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NASCAR: Longest race tests drivers

By Bill Whitehead
Scripps Howard News
Earlier this week in a moment of sheer honesty ó and maybe a little bit of hyperbole ó 2004 Nextel Cup champion driver Kurt Busch admitted that he was glad this Sunday’s race started late in the afternoon and ended deep into the evening.
“Laps 355-400…will be potentially the most demanding 100 miles in the history of NASCAR racing,” Busch said. “It’ll definitely separate the men from the boys, that’s for sure. It’ll be an unbelievable test of stamina and endurance. I’m sure the medical staff on hand will be ready with plenty of oxygen and fluids, if need be.”
Just a wee bit of exaggeration there ó and the math’s not right, but Kurt’s paid to drive cars, not calculate ó but his point is well taken: Sunday’s Coca-Cola 600 is a grueling race that goes beyond anything most of the drivers have experienced, except maybe for Robby Gordon’s Baja 1000 experiences.
But in terms of time, it doesn’t compare to some real NASCAR epics. Remember the early 1990s at Dover, when races were 500 laps that totaled 500 miles, started just after noon on TNN and were truly survival of the fittest, especially those June events that were run in sweltering summer heat?
Last year’s 600, won by Casey Mears, was completed in just over four hours and 36 minutes. In September of 1993, Rusty Wallace recorded the first of his three wins at Dover, leading the majority of the 500-lapper and passing Darrell Waltrip with 20 to go. Time of race: One minute short of five hours. That’s not a race. It’s a marathon.
Those days are over, though, as Dover scaled it back to 400 miles beginning with that September race in 1998. That left the 600, one of Cup racing’s crown jewels, as the one race on the schedule that challenged drivers the most from a time standpoint. The 600’s pre-race activities are long, and if there’s any rain, drivers can expect to go until midnight or longer.
“You have to prepare your body and you’ll be good,” said Bobby Labonte, the 1995 winner of the 600. “You lose a lot of weight in these races, and that’s figuring a lot of 400-mile races that we have now. Even a 500-mile race is fewer and fewer. Now think about getting back to 200 extra miles and it can drain some guys. You have to be in shape.”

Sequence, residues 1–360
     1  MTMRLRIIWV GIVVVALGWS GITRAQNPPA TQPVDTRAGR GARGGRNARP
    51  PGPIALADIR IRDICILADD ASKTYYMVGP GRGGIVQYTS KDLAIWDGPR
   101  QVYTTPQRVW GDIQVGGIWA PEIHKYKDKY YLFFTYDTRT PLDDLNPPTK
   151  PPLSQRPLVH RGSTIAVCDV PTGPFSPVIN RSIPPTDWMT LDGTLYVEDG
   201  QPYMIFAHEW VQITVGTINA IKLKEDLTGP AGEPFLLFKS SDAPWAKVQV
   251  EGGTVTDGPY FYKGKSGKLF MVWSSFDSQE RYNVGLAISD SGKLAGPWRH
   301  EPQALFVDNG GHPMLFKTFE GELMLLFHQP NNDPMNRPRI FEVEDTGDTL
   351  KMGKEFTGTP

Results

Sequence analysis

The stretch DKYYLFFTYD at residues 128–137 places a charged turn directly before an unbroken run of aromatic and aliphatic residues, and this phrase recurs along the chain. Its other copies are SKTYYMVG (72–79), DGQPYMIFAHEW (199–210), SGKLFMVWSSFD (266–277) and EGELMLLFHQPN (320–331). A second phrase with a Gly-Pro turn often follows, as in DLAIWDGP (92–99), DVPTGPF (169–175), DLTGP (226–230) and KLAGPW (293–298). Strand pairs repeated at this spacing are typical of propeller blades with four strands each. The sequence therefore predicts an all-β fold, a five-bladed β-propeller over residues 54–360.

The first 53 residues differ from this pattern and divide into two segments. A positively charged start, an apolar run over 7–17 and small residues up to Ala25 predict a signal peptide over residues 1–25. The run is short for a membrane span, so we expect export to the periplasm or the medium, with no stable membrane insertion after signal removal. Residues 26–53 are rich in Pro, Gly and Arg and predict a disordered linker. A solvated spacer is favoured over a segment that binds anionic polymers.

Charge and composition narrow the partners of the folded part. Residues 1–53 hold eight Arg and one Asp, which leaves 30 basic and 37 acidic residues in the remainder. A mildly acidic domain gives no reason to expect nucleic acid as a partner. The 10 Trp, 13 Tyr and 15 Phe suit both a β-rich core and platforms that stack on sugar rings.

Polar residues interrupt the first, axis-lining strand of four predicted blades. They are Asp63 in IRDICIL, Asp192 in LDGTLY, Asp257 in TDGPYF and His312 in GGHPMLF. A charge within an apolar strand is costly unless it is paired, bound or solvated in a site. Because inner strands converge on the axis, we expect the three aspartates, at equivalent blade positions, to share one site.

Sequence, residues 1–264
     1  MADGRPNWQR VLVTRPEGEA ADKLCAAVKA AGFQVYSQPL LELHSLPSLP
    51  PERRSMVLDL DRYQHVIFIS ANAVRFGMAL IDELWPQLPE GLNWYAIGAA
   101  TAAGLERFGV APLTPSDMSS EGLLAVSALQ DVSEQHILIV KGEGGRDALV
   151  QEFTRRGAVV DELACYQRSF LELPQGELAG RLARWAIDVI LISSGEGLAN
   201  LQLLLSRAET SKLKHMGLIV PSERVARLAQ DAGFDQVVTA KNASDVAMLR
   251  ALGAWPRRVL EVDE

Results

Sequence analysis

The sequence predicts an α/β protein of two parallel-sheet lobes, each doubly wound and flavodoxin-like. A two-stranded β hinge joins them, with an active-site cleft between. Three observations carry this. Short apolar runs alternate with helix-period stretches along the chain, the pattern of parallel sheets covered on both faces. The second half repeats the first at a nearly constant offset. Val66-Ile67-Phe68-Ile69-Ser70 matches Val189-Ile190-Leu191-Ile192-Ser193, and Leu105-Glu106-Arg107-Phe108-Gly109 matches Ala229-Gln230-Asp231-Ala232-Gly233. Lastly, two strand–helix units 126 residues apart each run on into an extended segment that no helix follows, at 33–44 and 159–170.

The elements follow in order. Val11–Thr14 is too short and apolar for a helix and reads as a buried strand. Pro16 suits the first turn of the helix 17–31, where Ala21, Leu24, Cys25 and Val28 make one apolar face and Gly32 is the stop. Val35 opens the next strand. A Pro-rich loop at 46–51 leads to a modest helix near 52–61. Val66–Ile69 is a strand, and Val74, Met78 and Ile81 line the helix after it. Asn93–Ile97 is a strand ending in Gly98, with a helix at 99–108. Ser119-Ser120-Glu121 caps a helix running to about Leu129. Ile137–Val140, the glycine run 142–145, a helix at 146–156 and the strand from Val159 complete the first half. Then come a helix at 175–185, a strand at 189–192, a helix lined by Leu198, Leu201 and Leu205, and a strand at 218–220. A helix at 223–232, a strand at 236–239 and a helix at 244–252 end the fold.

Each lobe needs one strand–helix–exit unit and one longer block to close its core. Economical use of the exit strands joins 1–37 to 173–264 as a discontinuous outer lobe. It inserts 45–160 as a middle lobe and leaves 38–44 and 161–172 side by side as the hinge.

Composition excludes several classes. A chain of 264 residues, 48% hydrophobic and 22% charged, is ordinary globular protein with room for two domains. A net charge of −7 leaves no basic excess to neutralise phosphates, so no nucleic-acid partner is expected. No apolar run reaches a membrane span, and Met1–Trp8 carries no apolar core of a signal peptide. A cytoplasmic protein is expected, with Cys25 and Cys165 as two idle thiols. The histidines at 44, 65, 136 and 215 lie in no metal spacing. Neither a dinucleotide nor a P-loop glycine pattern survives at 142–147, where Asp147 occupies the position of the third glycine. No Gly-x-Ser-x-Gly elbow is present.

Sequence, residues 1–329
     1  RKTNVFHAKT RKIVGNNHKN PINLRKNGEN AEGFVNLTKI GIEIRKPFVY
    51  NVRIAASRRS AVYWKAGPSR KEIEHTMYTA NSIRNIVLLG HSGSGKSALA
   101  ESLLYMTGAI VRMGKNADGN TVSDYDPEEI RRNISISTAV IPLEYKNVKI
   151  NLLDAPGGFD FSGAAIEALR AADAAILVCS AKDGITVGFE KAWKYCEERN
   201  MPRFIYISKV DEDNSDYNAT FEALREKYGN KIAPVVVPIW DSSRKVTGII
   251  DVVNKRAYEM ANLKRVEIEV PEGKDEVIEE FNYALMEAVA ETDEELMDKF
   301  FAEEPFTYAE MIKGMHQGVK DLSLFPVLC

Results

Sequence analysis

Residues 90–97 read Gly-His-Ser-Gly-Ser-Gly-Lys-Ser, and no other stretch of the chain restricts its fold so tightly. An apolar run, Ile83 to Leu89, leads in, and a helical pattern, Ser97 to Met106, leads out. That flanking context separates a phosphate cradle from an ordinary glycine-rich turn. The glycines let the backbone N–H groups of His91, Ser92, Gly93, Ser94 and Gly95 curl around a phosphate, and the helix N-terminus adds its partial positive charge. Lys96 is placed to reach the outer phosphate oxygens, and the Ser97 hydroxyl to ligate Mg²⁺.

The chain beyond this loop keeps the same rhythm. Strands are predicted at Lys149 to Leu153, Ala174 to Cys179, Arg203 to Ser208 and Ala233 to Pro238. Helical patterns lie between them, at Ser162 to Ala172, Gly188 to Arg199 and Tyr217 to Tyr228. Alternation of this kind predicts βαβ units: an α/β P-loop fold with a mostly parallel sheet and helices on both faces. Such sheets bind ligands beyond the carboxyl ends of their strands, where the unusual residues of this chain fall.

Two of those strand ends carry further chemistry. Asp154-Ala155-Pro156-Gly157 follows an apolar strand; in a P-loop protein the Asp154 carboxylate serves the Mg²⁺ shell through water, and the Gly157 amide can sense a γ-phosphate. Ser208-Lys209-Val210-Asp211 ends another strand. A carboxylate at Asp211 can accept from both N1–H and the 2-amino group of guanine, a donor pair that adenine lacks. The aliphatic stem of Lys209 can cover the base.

Hey, race fans have it tough, too, but there’s not much weight being lost all day in front of the TV. It’s a labor of love on Memorial Day weekend, which features an 1,100-mile race day.
The real diehard NASCAR fan gives in a bit and devotes some time to open-wheel racing, starting off early as the Indianapolis 500 pre-race begins at noon. And with no rain in the forecast for Charlotte this Sunday, the 600 should take the checkers around 10 that night. That’s a 10-hour viewing day, but NASCAR fans are durable and can make it.
Labonte said he likes the length and it fits his style because he lets the race come to him. Kasey Kahne, who won the all-star race last Saturday night thanks to the fans at home, said he didn’t mind the extra laps “because it gives more of a chance to figure out your car.”
Something tells me there will be plenty of time for anything regarding racing this weekend.

KING TO KING: Lowe’s Motor Speedway’s H.A. “Humpy” Wheeler announced his retirement this Wednesday. Wheeler, the undisputed “King of the Promoters” in NASCAR, received some kind words from another King, Richard Petty.
“It may be a few more years before we can really measure the impact that Humpy Wheeler had on the sport of stock car racing,” Petty said of the LMS president/general manager. “Over his 33-year career, he and I had one thing in common. We both have always held true to the notion that the fans are what drive our sport. His passion was to ensure that when each fan left the track, they felt as if they had been a part of a happening.
“Under his direction, Lowe’s Motor Speedway became the gold standard by which all other racetracks were built and in how they were measured.”

PATRIOTIC RIDE: Dale Earnhardt Inc. driver Mark Martin is making sure fans don’t forget what Memorial Day weekend is all about. A four-time Cup winner at LMS, Martin’s No. 8 Chevrolet will carry a unique paint scheme that features photos of eight soldiers.
“We would love nothing more than to be able to win the race for all of those men and women in uniform defending our country, and for those who have given their lives in that same fight for freedom. They are the real heroes,” said Martin, the 2002 Coca-Cola 600 winner.

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